Travel Volume Could Go Down in 2023 with Prices Still Increasingby Daniel McCarthy /
As the travel rebound continues, there are signs that two very different American travelers are emerging, that is according to the latest Portrait of American Travelers study from MMGY Global.
According to the research, which took the pulse of 4,500 adult Americans for its Fall edition, there is a population of Americans who are being impacted by stubborn, rampant inflation. Then, there are the Baby Boomers and higher-income households who will more than likely keep traveling despite rising prices. This population will actually look to increase their spending over the next year.
According to MMGY’s research, the percentage of Americans who plan to take a vacation over the next six months is 63%, a number that represents a 10-point decrease compared to the same time last year. Almost half of the travelers who said that they aren’t planning on traveling in the next six months (40%) said that they are making that decision, not because of a lack of time or desire to travel, but rather because of financial circumstances or the rising cost of travel.
The cost of travel, and Americans’ growing concern about their own financial health, have replaced COVID-19 as the top concern when it comes to booking travel.
That 63% of those surveyed who are ready to travel do expect, and accept the need, to spend more, which is helping offset some of that percentage who has dropped out of the travel pool—Americans now expect to spend $3,785 in the next six months, up from $2,758 in 2021.
But still, according to MMGY EVP of Travel Intelligence Chris Davidson, 2022 could be a peak year for the industry.
“With these factors in mind, we’re predicting that overall leisure travel volume may decrease somewhat in 2023 while prices will likely increase,” said Davidson. “From a hospitality perspective, we expect leisure occupancy to decrease while average daily rate (ADR) increases modestly. As a result, we’re anticipating a slight increase in revenue per available room (RevPAR) on a year-over-year basis in 2023.”
That post-pandemic boom, which has been incredibly welcomed by so many advisors and agency owners after what happened during those early months of 2020, might be waning a bit, but only amongst that bracket of travelers, Davidson told TMR.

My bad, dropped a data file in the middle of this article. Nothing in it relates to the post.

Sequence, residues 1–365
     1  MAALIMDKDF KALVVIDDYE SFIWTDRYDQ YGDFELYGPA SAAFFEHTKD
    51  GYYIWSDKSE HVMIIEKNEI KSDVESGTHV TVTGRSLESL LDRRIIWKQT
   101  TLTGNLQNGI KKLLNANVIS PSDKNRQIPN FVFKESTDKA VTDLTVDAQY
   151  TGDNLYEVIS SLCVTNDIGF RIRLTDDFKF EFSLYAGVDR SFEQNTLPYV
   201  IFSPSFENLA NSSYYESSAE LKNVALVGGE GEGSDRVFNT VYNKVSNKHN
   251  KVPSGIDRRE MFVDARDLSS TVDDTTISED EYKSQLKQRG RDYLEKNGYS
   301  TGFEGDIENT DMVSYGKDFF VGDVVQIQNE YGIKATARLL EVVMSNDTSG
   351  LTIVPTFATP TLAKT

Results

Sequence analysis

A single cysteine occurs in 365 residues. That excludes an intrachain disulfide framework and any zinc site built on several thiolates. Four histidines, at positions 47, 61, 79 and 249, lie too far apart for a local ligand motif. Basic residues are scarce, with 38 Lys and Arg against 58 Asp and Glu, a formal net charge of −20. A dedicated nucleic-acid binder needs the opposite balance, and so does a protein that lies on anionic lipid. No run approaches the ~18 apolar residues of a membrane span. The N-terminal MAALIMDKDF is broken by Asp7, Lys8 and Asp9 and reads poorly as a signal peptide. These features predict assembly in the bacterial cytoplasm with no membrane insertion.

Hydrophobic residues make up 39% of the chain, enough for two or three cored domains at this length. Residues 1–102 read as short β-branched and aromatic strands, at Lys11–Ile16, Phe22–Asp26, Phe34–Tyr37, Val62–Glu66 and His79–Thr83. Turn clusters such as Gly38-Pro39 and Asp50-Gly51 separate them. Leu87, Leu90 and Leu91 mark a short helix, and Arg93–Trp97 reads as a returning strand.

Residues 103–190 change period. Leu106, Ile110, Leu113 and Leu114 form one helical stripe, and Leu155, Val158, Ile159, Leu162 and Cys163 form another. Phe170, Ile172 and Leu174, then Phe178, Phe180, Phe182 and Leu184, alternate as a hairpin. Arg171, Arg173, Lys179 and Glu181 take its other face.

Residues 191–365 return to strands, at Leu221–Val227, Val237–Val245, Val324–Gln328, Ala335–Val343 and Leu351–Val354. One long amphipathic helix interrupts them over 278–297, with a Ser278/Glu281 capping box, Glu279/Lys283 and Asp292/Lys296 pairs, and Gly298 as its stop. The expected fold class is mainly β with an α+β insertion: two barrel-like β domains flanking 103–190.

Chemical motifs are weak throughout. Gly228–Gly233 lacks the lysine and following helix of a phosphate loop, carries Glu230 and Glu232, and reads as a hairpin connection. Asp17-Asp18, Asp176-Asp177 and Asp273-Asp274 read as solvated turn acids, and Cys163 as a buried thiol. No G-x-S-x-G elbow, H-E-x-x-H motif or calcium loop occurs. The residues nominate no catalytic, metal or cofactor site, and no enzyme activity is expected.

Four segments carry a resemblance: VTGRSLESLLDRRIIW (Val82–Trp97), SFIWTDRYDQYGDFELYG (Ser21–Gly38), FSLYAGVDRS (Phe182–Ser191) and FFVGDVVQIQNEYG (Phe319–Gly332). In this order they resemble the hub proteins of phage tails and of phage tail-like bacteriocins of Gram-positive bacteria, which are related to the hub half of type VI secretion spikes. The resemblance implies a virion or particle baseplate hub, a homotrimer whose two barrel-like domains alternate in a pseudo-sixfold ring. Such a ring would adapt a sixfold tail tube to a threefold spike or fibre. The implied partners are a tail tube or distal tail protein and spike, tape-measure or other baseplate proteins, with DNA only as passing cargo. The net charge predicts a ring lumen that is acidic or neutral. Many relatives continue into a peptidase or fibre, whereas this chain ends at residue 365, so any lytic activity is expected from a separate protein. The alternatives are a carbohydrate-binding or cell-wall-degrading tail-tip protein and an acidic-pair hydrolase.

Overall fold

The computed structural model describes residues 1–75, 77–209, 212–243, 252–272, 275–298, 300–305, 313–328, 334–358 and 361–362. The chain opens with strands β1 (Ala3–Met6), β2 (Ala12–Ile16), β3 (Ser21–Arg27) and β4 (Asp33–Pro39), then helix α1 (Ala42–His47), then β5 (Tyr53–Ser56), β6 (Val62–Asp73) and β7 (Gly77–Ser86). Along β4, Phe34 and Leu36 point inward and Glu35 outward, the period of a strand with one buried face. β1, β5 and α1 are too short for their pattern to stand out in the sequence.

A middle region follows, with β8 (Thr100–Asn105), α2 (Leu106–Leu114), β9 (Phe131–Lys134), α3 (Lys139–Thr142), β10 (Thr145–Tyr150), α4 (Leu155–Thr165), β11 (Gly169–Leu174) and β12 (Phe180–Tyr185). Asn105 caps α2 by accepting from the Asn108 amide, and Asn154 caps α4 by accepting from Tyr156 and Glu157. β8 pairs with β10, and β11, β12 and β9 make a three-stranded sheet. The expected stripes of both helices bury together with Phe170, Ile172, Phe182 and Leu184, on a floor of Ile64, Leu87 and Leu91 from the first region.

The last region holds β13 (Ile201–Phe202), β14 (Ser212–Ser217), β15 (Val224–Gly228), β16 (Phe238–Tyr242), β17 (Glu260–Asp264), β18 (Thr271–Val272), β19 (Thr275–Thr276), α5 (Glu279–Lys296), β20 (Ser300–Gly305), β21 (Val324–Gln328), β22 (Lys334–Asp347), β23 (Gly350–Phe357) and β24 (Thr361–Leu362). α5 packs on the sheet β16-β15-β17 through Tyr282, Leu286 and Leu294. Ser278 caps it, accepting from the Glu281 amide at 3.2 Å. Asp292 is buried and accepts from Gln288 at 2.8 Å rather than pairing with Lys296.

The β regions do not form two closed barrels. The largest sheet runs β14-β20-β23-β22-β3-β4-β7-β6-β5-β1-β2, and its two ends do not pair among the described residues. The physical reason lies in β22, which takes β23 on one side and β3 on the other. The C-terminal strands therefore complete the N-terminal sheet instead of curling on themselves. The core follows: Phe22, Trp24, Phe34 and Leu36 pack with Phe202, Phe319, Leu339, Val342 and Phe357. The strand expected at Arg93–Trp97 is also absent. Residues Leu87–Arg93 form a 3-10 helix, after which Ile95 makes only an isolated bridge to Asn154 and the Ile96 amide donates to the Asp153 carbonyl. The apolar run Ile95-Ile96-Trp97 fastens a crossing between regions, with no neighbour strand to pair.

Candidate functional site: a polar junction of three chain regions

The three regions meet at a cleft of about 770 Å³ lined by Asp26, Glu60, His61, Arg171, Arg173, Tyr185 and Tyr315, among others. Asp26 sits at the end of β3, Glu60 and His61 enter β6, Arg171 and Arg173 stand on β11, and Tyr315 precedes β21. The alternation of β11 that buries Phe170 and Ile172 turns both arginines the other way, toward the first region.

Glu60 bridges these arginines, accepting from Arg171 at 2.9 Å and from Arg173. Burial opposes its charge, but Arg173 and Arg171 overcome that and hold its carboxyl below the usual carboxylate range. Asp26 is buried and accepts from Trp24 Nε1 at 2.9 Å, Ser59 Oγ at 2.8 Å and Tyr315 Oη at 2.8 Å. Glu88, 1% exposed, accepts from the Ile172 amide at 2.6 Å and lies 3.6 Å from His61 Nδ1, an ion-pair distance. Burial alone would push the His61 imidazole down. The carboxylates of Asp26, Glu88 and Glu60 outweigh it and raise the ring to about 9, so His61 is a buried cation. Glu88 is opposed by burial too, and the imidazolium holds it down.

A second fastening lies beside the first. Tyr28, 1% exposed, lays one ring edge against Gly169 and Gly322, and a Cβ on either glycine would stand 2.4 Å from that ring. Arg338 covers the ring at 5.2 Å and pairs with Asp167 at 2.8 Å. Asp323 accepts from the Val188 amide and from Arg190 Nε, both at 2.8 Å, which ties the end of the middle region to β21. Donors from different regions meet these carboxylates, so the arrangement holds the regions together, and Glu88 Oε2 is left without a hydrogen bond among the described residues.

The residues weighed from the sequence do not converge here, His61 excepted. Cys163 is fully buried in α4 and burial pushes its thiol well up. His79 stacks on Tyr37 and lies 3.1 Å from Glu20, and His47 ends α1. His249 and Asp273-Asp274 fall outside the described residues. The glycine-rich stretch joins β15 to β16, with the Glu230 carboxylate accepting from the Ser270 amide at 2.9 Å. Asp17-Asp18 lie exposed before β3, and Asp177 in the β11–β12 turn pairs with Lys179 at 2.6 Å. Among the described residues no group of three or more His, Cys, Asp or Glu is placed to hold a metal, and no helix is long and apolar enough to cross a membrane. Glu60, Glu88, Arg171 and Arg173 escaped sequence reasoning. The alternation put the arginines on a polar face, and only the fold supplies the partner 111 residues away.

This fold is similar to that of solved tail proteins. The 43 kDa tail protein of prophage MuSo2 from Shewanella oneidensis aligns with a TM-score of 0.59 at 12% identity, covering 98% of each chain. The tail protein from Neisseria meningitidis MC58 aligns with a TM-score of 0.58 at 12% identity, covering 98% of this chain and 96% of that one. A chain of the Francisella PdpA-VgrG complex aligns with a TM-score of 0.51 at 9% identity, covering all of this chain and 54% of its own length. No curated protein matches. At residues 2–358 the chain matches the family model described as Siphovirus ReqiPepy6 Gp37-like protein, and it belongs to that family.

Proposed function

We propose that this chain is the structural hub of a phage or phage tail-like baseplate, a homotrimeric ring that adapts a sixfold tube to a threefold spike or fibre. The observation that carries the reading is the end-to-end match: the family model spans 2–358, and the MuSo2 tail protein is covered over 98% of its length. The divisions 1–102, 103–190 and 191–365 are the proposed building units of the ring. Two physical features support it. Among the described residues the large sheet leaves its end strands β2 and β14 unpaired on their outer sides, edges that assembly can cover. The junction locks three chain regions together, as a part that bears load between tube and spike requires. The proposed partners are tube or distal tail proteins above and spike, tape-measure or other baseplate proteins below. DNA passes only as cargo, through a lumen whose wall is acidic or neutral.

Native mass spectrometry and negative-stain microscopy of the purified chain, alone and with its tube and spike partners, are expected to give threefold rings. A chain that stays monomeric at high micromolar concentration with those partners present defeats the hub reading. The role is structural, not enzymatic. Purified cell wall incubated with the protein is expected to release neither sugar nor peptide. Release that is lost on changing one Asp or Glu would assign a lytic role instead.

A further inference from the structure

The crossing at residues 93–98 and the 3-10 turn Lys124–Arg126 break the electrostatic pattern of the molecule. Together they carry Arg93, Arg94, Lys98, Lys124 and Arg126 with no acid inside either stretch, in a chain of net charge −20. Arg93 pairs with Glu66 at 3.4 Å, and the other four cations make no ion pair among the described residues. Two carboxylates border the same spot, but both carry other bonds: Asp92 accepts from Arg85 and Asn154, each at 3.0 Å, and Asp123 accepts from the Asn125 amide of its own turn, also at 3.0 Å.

"The results of this most recent survey indicate demand for travel is in fact waning a bit, but it is really just concentrated among lower-income travelers. An increasing percentage of these travelers say they don't have plans to travel in the foreseeable future,” he said.
Along with those trends, the study also found a number of other things that are shaping consumer desires and wants when traveling.
The first is that culinary experiences are now a high priority among travelers and younger travelers, in particular.
The survey found that 6 in 10 Gen Zs (56%) and Millennials (61%) are “influenced by the quality of the culinary scene when choosing where to stay in a destination. Regardless of how affluent travelers are, respondents in these age groups were found to generally value authentic local food and beverage experiences much more so than traditional fine-dining experiences, such as those designated as Michelin-starred restaurants.”
The second is that social media is still playing a significant role in travel planning, especially, again, among those younger generations. According to the survey, 4 in 10 Millennials indicate celebrities and digital content creators have a great deal of influence on their travel decisions (38%) and nearly 6 in 10 Millennials “have made a travel purchase based at least partially on a post by a celebrity or influencer (57%).”